Creating An Image Management System for Your Website with Smart Image Resizer and Lightbox 2
When I was developing this site, I decided early on that I wanted to use Lightbox 2 as my primary image viewing module. It's attractive and suits the clean look on my site. However, as I started adding more CMS features to my site through PHP, I realized I would need software that would automatically resize images as well.
Enter Smart Image Resizer. As its name implies, it doesn't just reduce the physical size of the image, but also does so so that the image can be cropped and resized gracefully. Even if you blow up the image a bit, it will be filtered so as not to become pixelated.
These two solutions are all well and good, but in order to make them work together properly, I had to write some of my own code through PHP to generate the final HTML.
Experience requirement: Intermediate
Be aware: I do not recommend a straight copy/paste method approach to this code. Understand what you are using and how secure or flexible you want the inputs to be. I don't supply secure code.
First thing, Lightbox 2 uses Scriptaculous and Prototype, so you'll have to make sure you have those installed. Please follow the directions on those sites to make your site ready to go.
The basic way to instantiate Lightbox 2 is through the following code:
<!-- For single samples attached to a link -->
<a href="images/image-1.jpg" rel="lightbox" title="my caption">image #1</a>
<!-- For multiple samples attached to an image link -->
<a href="images/image-1.jpg" rel="lightbox[group]" title="my caption"><img src="images/image-1_thumb.jpg"></a>
<a href="images/image-2.jpg" rel="lightbox[group]" title="my caption"></a>
In the code above, you can see the example of how a link might use the lightbox, versus an imagelink. This should be pretty straightforward. Things get a little more interesting when you decide to take advantage of Lightbox 2's version of albums, as seen in the second example. You don't need a physical link to appear for additionally grouped images to appear in the same lightbox album. For this reason, this module worked well for me, as I wanted to have single images represent a link to items that had multiple pages worth of samples in the same category.
Image Resizer is cool because it uses a PHP script referred to in the
<img> tag to automatically place in the resized image.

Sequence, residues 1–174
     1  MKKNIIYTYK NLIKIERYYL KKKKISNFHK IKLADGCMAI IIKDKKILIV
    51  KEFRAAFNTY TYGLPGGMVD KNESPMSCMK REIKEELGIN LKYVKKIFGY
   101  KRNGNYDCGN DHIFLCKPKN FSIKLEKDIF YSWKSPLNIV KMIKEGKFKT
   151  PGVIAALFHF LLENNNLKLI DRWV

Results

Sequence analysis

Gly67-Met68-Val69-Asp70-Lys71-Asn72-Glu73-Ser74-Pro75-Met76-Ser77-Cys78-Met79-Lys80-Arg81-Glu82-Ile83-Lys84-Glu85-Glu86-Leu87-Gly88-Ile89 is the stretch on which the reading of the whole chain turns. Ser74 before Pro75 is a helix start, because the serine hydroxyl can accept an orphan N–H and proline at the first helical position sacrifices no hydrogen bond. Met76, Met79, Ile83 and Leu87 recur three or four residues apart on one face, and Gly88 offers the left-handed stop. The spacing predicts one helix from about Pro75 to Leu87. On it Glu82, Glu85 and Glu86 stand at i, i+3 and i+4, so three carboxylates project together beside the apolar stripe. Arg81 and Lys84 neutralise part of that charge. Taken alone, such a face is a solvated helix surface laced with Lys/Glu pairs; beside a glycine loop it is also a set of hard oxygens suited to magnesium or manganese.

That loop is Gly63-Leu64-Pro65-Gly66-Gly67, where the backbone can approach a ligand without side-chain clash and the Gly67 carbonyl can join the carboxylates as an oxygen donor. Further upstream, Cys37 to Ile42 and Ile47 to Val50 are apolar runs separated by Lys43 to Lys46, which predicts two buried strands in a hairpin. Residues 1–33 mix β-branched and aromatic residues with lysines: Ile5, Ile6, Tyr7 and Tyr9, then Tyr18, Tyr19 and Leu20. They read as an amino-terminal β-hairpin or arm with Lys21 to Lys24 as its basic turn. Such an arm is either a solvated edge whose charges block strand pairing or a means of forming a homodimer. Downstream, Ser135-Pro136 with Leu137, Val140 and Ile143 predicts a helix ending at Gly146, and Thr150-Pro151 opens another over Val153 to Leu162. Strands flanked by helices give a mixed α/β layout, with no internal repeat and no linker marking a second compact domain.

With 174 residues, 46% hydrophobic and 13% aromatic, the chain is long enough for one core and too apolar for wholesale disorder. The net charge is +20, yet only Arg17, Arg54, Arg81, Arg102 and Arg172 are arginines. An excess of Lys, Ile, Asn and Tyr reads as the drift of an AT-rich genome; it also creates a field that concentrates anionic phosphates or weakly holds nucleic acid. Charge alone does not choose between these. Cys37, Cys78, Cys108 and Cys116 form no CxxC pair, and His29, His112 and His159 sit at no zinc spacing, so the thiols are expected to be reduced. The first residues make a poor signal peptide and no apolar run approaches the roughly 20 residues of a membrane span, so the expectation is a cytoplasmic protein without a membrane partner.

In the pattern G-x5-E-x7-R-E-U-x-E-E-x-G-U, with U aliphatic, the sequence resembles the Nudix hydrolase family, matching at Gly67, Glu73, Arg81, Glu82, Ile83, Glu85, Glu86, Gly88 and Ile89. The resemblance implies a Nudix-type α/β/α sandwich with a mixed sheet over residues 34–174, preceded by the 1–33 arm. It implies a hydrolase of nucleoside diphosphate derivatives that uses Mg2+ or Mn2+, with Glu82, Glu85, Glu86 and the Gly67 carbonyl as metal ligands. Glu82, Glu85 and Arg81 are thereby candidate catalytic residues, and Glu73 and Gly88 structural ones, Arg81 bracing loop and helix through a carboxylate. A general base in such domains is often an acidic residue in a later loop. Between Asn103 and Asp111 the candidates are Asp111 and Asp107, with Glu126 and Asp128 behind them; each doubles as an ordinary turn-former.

<!-- Notice how HTML needs the path to the image.php file (SIR's path, basically), followed by a '/' and the filename, followed by various parameters that you can pass through to SIR. -->
<img src="/php/image.php/samplefile.jpg?width=150&height=150&cropratio=1:1ℑ=/samplefile.jpg" />
Now that we have our essential HTML elements in place, we need a way to upload and manage the files. I decided, rather than uploading files directly to the database (a method with the potential of slowing down my site because of heavy database access), I would create a process that uploads the files into a designated folder on my server, and also updates the database at the same time.
Step 1 is creating the form. Mine looks something like this, and the code looks something like this:
<form enctype="multipart/form-data" action="post.php?cmd=samples" method="POST">
<p>Please select the file you want to upload<br />
<input name="uploadedfile" type="file" />
<p>What category is this going into?<br />
<p>Enter a title for this sample:<br>
<input type="text" name="title" size="50" /></p>
<p>If this file's going to be part of a group, enter the group designation here (try to keep it one word, no spaces):<br>
<input type="text" name="grouping" size="10" /></p>
<input type="hidden" name="MAX_FILE_SIZE" value="5000000" />
<input type="submit" value="Upload File" />
I've broken my example uploads into this: I want to be able to group images first by whether they are print or interactive examples. Next, I want to be able to add titles that may appear in the Lightbox 2 info pane. Lastly, I want to be able to allow images of a particular group to appear as multiple pages of a lightbox.
Now that I know what I want to do with my images, I need to figure out the particulars of the operation. First up is handling the upload of the file. Personally, I had the two categories that I wanted to sort through, but let's assume you do not.
$filename = basename($_FILES['uploadedfile']['name']);
// $target_path determined by where you are planning on
// placing your files on the server.
// You must manually type in the path to the file.
$target_path = $target_path . basename($_FILES['uploadedfile']['name']);
// The command in this if statement is the actual command
// that uploads your file into the server.